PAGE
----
Matthew 9:6-10
Mat 9:6 (KJB)
But that ye may know that the Son of man hath power on earth to forgive sins, (then saith he to the sick of the palsy,) Arise, take up thy bed, and go unto thine house.
Since there would be no way for the scribes to know if the man’s sins were truly forgiven, what Jesus did was to heal the man’s paralysis and once the man started walking again, then the scribes could assume that the man’s sins were also forgiven simultaneously. This outward manifestation of the healing represented the fact that the man’s sins were forgiven. The word for “power” in this verse carries with it the meaning of not only having the power to perform a miracle but having the right or authority to be able to perform that miracle. As the Son of God, Jesus had the authority to perform the miracles which were in keeping with His ministry. Jesus heals this paralytic and then commands him to take his bed and to go to back to his home.
Mat 9:7 (KJB)
And he arose, and departed to his house.
The man immediately obeys Jesus and arising from the bed, he now had the strength in his body to be able to walk and he then took his bed and went to his house. Could you imagine the look on the faces of those in his house when he walked in and put his bed down? I can just imagine the joy that was experienced in his house because his friends had no doubt, accompanied him back to his house but this time, he carried his own bed.
Mat 9:8 (KJB)
But when the multitude saw it, they marvelled, and glorified God, which had given such power unto men.
Those who saw and heard the verbal confrontation between Jesus and the Scribes have now seen the great miracle that took place and as at other places, the crowds were joyful and glorified God because of this miracle. The crowd had failed to understand one major point and that was that Jesus was no ordinary man. They had looked at Jesus and saw Him only as a man instead of the Son of God. They probably misunderstood what Jesus told the Scribes concerning the forgiveness of sins. They may have seen Jesus as a prophet with healing abilities. This type of situation was experienced by Jesus on another occasion. (Mark 10:18 KJV) And Jesus said unto him, Why callest thou me good? there is none good but one, that is, God. A man came to Jesus and called Him “good master.” He too, like the crowds, viewed Jesus as a man instead of the Son of God so Jesus wanted to remove the idea that man is good and point him to the fact that only God is good.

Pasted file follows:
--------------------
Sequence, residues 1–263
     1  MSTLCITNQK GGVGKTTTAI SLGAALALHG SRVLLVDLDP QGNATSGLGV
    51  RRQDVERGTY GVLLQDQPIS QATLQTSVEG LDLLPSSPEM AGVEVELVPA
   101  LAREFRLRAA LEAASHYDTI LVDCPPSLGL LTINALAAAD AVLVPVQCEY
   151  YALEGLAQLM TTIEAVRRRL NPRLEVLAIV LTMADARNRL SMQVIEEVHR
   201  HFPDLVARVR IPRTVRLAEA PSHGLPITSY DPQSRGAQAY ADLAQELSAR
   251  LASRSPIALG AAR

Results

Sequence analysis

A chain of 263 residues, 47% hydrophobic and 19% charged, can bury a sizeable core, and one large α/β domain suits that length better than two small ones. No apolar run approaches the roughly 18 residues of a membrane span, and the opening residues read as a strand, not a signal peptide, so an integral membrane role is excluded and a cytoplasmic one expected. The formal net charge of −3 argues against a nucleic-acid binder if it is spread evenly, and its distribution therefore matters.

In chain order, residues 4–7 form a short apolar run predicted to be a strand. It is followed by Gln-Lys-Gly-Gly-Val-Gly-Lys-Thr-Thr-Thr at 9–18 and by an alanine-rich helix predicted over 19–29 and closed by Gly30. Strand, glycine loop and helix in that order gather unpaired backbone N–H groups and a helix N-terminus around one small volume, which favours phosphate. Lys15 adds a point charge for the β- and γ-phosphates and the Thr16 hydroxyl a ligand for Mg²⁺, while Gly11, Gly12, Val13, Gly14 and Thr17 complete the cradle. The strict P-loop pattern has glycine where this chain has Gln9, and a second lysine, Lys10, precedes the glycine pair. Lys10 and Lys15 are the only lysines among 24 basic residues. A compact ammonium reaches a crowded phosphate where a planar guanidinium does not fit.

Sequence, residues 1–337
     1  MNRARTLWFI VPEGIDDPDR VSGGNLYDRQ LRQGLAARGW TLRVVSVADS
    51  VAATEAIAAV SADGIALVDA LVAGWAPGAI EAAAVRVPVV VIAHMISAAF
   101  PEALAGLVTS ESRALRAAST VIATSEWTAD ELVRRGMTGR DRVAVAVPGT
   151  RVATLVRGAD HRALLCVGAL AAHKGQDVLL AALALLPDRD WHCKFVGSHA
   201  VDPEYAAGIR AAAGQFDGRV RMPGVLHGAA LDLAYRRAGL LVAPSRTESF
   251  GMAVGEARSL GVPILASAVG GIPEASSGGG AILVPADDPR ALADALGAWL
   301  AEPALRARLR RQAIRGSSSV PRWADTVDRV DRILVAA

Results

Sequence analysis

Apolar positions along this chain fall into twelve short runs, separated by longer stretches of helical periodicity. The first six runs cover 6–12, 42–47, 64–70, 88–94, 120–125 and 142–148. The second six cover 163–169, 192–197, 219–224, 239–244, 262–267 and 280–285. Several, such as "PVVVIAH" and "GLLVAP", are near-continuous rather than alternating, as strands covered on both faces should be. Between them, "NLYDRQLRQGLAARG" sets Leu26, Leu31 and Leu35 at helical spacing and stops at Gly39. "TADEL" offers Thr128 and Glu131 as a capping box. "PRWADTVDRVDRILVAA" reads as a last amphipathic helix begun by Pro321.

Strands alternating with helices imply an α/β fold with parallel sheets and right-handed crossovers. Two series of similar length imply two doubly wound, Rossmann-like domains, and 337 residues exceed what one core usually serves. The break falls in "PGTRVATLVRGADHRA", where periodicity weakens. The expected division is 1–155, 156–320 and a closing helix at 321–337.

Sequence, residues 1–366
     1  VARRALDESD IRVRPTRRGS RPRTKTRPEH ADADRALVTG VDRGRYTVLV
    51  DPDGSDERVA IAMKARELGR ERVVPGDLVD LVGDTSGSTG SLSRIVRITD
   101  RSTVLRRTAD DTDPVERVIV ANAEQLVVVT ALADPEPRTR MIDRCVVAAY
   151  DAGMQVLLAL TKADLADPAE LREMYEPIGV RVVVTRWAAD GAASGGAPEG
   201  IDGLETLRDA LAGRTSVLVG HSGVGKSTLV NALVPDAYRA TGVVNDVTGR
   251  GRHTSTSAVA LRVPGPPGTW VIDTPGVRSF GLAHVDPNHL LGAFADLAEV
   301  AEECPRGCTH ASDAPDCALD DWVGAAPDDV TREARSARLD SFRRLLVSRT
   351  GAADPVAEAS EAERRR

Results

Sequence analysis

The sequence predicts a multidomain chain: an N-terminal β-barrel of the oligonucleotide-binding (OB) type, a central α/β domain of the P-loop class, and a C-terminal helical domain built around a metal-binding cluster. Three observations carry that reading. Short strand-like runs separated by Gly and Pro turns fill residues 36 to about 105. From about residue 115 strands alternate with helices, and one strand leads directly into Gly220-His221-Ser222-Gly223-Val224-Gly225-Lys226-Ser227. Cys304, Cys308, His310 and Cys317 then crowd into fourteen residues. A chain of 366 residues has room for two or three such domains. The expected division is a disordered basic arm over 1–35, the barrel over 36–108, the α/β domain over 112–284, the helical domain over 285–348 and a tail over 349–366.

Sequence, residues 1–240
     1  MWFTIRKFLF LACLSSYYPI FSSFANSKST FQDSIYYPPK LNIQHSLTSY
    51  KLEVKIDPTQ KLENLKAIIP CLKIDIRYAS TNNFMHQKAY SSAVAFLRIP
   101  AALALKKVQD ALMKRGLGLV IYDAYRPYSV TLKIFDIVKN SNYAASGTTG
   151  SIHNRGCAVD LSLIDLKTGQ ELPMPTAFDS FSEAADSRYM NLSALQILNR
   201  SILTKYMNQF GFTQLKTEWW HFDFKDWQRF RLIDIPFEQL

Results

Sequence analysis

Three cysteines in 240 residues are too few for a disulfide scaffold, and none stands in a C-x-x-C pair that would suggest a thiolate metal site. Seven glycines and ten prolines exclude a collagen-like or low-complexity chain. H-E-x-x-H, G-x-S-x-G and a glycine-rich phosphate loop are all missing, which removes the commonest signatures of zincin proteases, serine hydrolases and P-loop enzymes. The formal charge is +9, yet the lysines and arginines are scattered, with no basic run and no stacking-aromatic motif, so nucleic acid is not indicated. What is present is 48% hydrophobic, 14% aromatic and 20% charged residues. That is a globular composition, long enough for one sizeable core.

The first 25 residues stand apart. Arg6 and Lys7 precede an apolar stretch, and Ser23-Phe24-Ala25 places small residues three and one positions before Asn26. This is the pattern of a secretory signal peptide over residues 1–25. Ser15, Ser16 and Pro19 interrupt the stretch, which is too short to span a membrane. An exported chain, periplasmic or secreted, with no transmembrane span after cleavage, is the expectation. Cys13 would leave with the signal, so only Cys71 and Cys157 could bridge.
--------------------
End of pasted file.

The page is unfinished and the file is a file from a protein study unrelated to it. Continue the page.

Mat 9:9 (KJB)
And as Jesus passed forth from thence, he saw a man, named Matthew, sitting at the receipt of custom: and he saith unto him, Follow me. And he arose, and followed him.
There was a main trade route called “The Way of The Sea” which passed by Capernaum. All goods which entered the port were subject to a tax at the tax booth in Capernaum. This would be considered an import tax. The tax collectors were normally Jews who became agents of the Roman Empire and were responsible for collecting taxes for Rome. There were four basic taxes that Rome collected: 1) a land tax; 2) a poll or personal property tax; 3) an import or export tax; 4) in Jerusalem, a tax on houses. The tax collectors were despised by the people because they would not only collect the required amount of taxes for Rome, but they would collect extra to keep for themselves which was permitted by the Romans as along as they received their required amount. Matthew was a tax collector who collected import taxes. His Jewish name was Levi. Jesus saw him collecting taxes and went up to him and said two words, “Follow me.” The words “Follow me” are in the Imperative Mood making it a command. So much for Free Will which is only a myth in the area of salvation.
Mat 9:10 (KJB)
And it came to pass, as Jesus sat at meat in the house, behold, many publicans and sinners came and sat down with him and his disciples.
Here we have a great feast in the house of Matthew. (Luke 5:28-29 KJV) And he left all, rose up, and followed him. {29} And Levi made him a great feast in his own house: and there was a great company of publicans and of others that sat down with them. If he was a tax collector and was collecting for himself too then he would have been able to buy a large home where he could have many people attend. Here we see that Matthew had probably invited all his fellow tax collectors along with other nefarious characters that the Bible calls sinners. No doubt he wanted to share the Gospel message with them and how he was now a follower of Jesus. Since he invited Jesus to this gathering, all the other publicans would now hear the Gospel direct from the mouth of Jesus. The Scribes and Pharisees had considered themselves above other people and here Jesus broke the tradition that they would hold in never fellowshipping with anyone but their own.